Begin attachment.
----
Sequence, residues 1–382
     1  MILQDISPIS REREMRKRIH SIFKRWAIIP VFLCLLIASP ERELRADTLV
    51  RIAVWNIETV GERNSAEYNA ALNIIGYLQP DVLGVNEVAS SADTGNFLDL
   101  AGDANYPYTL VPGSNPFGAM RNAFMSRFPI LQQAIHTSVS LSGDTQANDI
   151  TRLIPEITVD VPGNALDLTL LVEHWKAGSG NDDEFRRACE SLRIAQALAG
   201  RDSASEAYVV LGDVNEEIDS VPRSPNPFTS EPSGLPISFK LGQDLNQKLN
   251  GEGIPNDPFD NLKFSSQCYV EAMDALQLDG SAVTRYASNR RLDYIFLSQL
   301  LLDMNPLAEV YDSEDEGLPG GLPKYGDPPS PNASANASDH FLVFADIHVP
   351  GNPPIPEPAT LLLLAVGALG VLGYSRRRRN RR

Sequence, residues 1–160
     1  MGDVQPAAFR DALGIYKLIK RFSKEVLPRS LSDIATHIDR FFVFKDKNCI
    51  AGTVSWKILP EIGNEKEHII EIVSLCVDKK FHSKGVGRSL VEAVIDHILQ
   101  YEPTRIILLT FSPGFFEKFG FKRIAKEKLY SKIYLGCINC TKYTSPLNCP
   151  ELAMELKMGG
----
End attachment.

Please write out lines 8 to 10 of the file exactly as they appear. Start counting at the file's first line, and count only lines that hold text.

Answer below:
   301  LLDMNPLAEV YDSEDEGLPG GLPKYGDPPS PNASANASDH FLVFADIHVP
   351  GNPPIPEPAT LLLLAVGALG VLGYSRRRRN RR

Sequence, residues 1–160